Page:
We could also have used $c=\epsilon$ and $d=-\zeta$, but that makes the identity case return the coefficients $a=d=-1,b=c=0$ rather than the simpler $a=d=1,b=c=0$.

So that’s all and well, but it turns out that this three-point sampling/reconstruction was unnecessary in the first place! Of course, the reason you still see the above equations getting included at all is that I’d already done them, coded them, then realised their uselessness.

What I discovered was that a Möbius transformation that preserves the unit disk does, in fact, have a simple special form that reduces the number of degrees of freedom, provided that the determinant $ad-bc$ is real and positive. Specifically, we have that $d=\overline a$ and $c=\overline b$. Such transformations are closed under composition as well. The total number of degrees of freedom is four, with the extra d.o.f. corresponding to the determinant. Enforcing that the determinant $ad-bc=|a|^2-|b|^2$ equals 1 removes this extra d.o.f.

Written this way, it looks exactly like split-quaternions, and that linked Wikipedia article itself links to an article titled “Hyperbolic motion”, with a “Disk model motions” section.

Well.

The two solutions given by the constraint $|a|^2-|b|^2=1$ are negatives of each other but give equivalent rigid motions, and in this sense it’s clearly an analogue to the usage of quaternions in representing a rigid motion on spherical 2-space.

Given that we can “lift” spherical 2-space into (the rotation group of) Euclidean 3-space, where we can use the nice properties of the quaternions to do things, is there something similar for hyperbolic 2-space and split-quaternions?

## Rigid motion

So I’m trying to visualise 2D hyperbolic geometry, but I’m running into a gigantic problem with how to even represent a rigid motion.

My requirements are that:

• a rigid motion should be continuous in its parameters everywhere;
• there should be a finite number of real parameters;
• the composition of two rigid motions is simple;
• if there are more parameters than there are degrees of freedom, it should be easy to somehow “project” an illegal rigid motion onto the space of rigid motions (and this projection should be continuous almost everywhere);
• and simple motions should have easily-defined parameters.

I have no idea how to go about this. For 2D spherical geometry, the group of rigid motions is isomorphic to the orthogonal group O(3), or if we’re considering only proper rotations, that’s isomorphic to SO(3). Quaternions provide a ridiculously nice way of representing elements of SO(3), with the one snag that it’s really a double cover of SO(3) so every element of SO(3) has two representations as quaternions. Other than that, it satisfies all the requirements above.

The group of unit quaternions has three degrees of freedom, which is exactly the same number as SO(3). Without restricting to unit quaternions, there’d be four degrees of freedom, and projecting a quaternion onto the set of unit quaternions is simply a matter of normalisation. It is, quite literally, projecting through the origin. Not that this normalisation is even necessary: applying a rotation to a point is done by conjugating the point (converted into a quaternion) with the rotation quaternion, so the absolute value drops out of the equation entirely.

Using a rotation matrix is not so nice. It satisfies all properties except the fourth, sort of. Projecting a matrix to orthogonality is “easy”, but it involves potentially numerically unstable steps with a very huge space of pathological cases (~vague weasel words~) because it has too many extraneous degrees of freedom.

Using Euler angles is extremely bad and you should feel bad for even thinking about that. (Gimbal lock, wtf?)

Anyhow, the aforementioned representations are for proper rotations in Euclidean 3-space / rigid motions in spherical 2-space. Hyperbolic 2-space does not have a similarly nice embedding into Euclidean space that I know of.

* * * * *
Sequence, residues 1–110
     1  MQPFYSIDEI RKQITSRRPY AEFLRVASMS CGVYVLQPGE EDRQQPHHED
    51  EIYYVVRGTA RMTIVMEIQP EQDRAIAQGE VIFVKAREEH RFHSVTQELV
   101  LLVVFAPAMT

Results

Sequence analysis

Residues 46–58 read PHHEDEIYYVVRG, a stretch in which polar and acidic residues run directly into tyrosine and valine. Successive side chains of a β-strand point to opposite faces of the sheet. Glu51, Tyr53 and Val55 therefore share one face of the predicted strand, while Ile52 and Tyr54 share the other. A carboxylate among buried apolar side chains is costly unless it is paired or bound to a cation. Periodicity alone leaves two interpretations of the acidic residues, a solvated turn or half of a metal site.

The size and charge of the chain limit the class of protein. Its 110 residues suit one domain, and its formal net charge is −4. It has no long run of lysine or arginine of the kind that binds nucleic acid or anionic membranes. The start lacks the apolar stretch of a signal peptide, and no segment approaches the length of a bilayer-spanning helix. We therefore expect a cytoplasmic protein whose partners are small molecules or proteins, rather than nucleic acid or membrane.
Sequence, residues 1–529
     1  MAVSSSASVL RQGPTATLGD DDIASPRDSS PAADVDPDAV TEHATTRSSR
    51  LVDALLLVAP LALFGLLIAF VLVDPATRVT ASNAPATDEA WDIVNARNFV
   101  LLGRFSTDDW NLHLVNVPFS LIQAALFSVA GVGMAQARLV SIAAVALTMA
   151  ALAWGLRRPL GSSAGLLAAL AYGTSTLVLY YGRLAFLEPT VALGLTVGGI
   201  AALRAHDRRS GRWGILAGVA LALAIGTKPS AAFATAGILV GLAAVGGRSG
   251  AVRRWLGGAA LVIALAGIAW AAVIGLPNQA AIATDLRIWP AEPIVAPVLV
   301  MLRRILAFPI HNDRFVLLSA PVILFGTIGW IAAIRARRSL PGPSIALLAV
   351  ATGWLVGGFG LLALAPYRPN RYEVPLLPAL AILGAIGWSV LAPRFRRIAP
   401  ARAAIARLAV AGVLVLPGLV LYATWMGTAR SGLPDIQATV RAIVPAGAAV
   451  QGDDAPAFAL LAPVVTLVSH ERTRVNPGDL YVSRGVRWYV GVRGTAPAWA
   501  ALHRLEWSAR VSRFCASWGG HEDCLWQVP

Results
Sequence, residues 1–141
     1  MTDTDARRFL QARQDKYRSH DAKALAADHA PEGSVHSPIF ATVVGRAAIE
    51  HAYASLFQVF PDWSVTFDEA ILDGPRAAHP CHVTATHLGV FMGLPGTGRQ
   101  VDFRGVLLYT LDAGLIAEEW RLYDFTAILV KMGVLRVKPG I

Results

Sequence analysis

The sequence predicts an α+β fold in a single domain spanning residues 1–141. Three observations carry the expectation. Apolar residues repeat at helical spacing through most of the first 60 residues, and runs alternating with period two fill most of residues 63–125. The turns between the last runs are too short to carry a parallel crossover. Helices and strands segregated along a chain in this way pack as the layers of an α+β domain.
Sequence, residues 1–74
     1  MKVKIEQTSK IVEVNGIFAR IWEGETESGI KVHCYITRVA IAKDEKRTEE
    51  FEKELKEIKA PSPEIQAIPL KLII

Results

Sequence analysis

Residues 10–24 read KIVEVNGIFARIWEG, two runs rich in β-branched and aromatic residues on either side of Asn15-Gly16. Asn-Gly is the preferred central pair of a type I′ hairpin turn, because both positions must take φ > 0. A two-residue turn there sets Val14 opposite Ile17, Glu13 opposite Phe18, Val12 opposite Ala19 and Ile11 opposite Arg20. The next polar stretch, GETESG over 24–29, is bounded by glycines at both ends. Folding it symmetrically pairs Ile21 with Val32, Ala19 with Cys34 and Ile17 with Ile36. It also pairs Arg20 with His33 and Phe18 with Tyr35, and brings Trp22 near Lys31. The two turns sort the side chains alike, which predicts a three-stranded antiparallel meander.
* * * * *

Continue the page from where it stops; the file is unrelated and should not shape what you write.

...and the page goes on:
Actually, what about Euclidean 2-space? In other words, the Euclidean plane. Using rotation matrices for 2D rotations is actually “ideal” because it has trivial reductions in d.o.f. (the diagonal elements must be equal and the antidiagonal elements must add to zero), which makes it identical to using complex numbers. We can then represent any rigid motion with a unit complex number representing the rotation, and another representing translation, id est we get a representation as a complex affine function $x\mapsto \hat{r}x+t$. Four real parameters (so one extra d.o.f.), but it’s easily normalised.

With hyperbolic 2-space, using the Poincaré disk model and treating the points as complex numbers, a proper rigid motion is exactly a Möbius transformation that preserves the unit disk. (The improper rigid motions, i.e. reflections, are anticonformal and so cannot be represented as Möbius transformations.) One problem is that this constraint on the Möbius transformations is not easy to formulate directly in terms of the coefficients, and there’s also the problem of projecting an illegal Möbius transformation into a legal one.

The shortest translation taking any point $p\in\mathbb C,\,|p|<1$ to the origin is given by

$\displaystyle\left(x\mapsto\frac{x-p}{-\overline px+1}\right)$

which is isomorphic to

$\displaystyle\begin{pmatrix}1&-p\\-\overline p&1\end{pmatrix}.$

Matrices of this form are not closed under multiplication (even up to normalisation), so we get as an immediate conclusion that hyperbolic translations do not commute. This should not surprising, given that spherical translations don’t commute either.

And then I don’t know where to go from here.

It’s known that a Möbius transformation can be uniquely defined by where it sends three distinct points, so we could pick three ideal points and use where they map to as a representation. Under the assumption that the transformation is nondegenerate, the three destination points are pairwise distinct. Because rigid motions preserve the disk, the destination points are guaranteed to also be ideal points and hence provide one d.o.f. each, for a total of three d.o.f. We also have that three distinct points uniquely define a generalised circle (i.e. a circle or a line), so the destination points’ being ideal and distinct also guarantees that the unit circle is preserved.